June 20 2018

ZBA Chair Steps Down After 18 Years on the Board

By: Rich Hosford

A longtime member of one of Burlington’s boards announced he is stepping down after almost 20 years of service.

John Alberghini said on Tuesday that he will not seek a new term on the Zoning Board of Appeals and that this week’s session would be his last meeting. Alberghini has been on the board as either a full time member or an alternate member since the year 2000. He has also been the board chairman since 2013.

Alberghini was not the only board member to announce they were leaving. The chairman started the meeting by announcing that fellow member David Kelly, who had recently secured a new job, would not be able to meet the time commitment to continue to serve. Kelly was first appointed to the board in 20115.

“He’s decided to move on to much bigger and better things,” Alberghini said of Kelly. “I want to thank him for all the hard work he’s put in in the last few years and I commend him for his service to the town.”

Selectman Joe Morandi, who before being elected to his current position was a member of the ZBA, then came forward to offer his thoughts on both Kelly’s and Alberghini’s retirements.

“David I want to thank you for the time you’ve put in for the board,” he began. “this is an appointed position, it is not a paid position. There is nothing to gain from this except your experience with the town and what you’ve done for the town and the residents. So I want to thank you for your time for myself and the Board of Selectmen.”

Morandi then addressed Alberghini.

“What’s it been, about 20 years?” he said. “I truly want to say thank you. I sat on the board with you, it was a pleasure, I learnt a lot from you. To give that much time to the town and not get anything for it I wanted to come here tonight and personally say thank you from the Town of Burlington, for all the things you’ve done. Good or bad, we’ve had our incidents both ways, but you’ve put a lot of time in this town.”

Alberghini told BNEWS in a phone interview on Wednesday that he decided to retire from the board because he felt it was the right time to do so. He retired from his engineering job last year and is enjoying some down time.

“I’m starting to spend a little more time on some of my hobbies, my interests,” he said. “I just thought it was time.”

When asked about some of the times that he was happy with how the board handled difficult issues before them he said he was proud when they were able to make compromises in the midst of controversy. One relatively recent example he pointed to was the Planning Board’s attempted appeal of the building permit for the Residence Inn by Marriott in The District. That situation highlighted the purpose of the ZBA: To make informed judgements when there are questions about the intent and interpretation of the town’s bylaws.

Alberghini said the judgement they came to was a compromise that had the one true hallmark of being a successful give and take; nobody left completely happy.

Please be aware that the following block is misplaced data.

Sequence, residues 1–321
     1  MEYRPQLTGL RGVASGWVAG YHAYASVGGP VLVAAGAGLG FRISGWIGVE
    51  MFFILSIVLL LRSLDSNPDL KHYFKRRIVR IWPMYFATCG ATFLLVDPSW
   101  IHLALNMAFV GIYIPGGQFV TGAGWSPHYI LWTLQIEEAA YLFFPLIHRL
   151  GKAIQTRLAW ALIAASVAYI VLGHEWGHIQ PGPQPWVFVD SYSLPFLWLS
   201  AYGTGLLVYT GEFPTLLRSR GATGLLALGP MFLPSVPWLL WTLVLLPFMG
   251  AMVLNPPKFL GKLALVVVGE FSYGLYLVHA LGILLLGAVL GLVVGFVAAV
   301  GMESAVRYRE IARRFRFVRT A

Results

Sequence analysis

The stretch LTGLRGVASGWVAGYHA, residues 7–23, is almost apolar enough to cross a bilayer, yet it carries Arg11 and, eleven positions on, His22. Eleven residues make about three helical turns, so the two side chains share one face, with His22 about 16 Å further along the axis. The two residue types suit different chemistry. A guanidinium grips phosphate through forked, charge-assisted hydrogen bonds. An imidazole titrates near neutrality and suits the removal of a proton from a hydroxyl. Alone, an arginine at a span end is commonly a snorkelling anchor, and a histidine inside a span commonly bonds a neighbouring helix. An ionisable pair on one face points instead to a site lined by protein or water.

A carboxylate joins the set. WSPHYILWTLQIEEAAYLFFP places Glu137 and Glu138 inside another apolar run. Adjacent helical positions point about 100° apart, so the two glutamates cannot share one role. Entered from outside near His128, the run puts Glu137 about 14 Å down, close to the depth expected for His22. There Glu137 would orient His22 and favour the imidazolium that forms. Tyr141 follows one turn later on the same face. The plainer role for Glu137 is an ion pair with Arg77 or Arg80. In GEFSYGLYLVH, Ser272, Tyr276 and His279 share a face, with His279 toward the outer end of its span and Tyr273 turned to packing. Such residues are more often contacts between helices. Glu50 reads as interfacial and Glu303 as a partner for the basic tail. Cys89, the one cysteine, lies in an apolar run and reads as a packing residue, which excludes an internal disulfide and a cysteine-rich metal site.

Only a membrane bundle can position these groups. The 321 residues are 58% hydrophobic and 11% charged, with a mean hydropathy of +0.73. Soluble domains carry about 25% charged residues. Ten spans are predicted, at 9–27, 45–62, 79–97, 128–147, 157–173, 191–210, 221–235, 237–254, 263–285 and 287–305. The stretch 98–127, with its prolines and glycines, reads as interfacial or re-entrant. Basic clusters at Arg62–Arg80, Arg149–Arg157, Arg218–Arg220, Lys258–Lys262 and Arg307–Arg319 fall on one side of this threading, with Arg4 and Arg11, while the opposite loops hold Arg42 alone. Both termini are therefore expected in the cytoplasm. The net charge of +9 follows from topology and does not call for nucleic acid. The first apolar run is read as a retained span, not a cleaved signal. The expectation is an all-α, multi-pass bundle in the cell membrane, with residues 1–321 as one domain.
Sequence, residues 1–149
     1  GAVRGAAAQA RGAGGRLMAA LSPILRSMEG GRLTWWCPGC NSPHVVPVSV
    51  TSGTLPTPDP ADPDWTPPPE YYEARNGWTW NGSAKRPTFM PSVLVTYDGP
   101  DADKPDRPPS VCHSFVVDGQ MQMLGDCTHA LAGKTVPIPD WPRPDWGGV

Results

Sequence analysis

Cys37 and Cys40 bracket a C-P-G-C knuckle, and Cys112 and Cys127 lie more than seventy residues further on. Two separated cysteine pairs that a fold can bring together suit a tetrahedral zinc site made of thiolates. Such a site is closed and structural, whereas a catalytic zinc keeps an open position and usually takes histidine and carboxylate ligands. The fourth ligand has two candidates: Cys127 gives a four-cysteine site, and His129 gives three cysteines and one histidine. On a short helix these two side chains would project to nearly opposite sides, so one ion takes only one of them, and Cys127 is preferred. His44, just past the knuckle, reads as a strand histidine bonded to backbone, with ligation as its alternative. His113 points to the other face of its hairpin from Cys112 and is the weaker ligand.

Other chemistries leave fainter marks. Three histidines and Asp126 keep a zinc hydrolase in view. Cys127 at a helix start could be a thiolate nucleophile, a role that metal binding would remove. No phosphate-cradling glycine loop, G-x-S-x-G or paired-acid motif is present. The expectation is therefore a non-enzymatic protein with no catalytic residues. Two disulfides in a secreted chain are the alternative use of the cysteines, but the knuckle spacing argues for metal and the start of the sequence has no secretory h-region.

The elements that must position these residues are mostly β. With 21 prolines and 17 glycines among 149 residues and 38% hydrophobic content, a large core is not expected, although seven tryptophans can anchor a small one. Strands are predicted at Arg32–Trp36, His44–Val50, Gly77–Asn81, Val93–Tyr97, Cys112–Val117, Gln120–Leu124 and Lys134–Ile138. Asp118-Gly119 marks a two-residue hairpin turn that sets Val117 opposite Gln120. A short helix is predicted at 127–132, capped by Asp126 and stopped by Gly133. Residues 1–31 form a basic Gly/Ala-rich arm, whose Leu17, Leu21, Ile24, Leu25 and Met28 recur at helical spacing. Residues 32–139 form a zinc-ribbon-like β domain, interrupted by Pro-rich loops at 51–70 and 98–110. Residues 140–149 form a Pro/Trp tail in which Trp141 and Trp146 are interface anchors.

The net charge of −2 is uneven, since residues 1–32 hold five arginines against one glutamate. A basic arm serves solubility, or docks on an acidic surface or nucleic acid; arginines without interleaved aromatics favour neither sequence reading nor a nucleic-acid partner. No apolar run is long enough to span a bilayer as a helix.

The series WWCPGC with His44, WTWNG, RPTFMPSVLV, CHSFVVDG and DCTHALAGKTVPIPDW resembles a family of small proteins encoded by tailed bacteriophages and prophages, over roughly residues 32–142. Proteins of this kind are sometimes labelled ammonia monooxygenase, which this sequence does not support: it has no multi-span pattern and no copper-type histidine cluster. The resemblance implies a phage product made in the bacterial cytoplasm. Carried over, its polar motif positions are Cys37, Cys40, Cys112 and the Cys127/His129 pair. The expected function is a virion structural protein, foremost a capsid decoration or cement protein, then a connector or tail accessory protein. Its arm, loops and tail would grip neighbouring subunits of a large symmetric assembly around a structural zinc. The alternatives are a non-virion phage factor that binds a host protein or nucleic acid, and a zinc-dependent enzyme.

“There were a lot of people who had very strong feeling,” he said. “When we were able to forge a compromise a lot of those people felt let down, on both sides. I think that is actually kind of a sign of a good resolution when nobody is really upset but nobody really happy either. I’m proud of the fact that we, the board, were able to find a resolution that met the intent of what the bylaws were and that didn’t leave anybody unduly upset or unduly ecstatic.”

Aside from brokering big compromises, Alberghini said he is proud of all the smaller decisions the board has made during his time as a member and as chairman that have helped Burlington maintain it aesthetic. Most of those decisions the board faces have to do with the many appeals of the signage bylaws and the board has spent a lot of time working with companies to ensure they have the visibility they need without compromising the look of the town.

“I think the board in general over the years has tried to maintain an attractive environment,” he said. “You can drive around other towns and see signs that are large and ostentatious. When I drive around town and I see the more attractive environment Burlington has compared to our neighbors and I like to think that some of that is because of me.”

The hearings Alberghini spent the most time studying and preparing for, he said, are the appeals brought by Burlington residents. The board often hears from property owners asking for a variance to make some modification on their properties not allowed under the bylaws and are asked to make exceptions, often for legitimate reasons that may have been unforeseen by those who wrote the rules.

“It’s impossible for a bylaw to cover every situation and it’s up to the ZBA to make that determination,” he explained. “What’s really important is how the ZBA deals with citizens. If someone has a house and wants to do something with it and are told they can’t that’s very important to them. It might be the most important thing in their lives at that time. You can’t take the responsibility lightly.”

To prepare for those discussions Alberghini said he would visit each site.  

“I can’t say how many miles I’ve driven in town,” he said. “I go to look at all properties that have hearings. Sometimes I’d get funny looks stopping in front of people’s houses but it’s something I took quite seriously.”

Finally, Alberghini said he worked to make sure everyone felt heard and hopes that, even if things didn’t go their way, everyone felt the process was fair. He said he hopes the next chairperson will continue that practice.

“When the meeting was over, win or lose, whether it was a board member or an applicant that didn’t have a vote go their way, I wanted everyone to leave having had a chance to have their say,” he said. “I never wanted to have anyone leave thinking they didn’t have a fair process. That’s what I want to be my legacy.”


 

 
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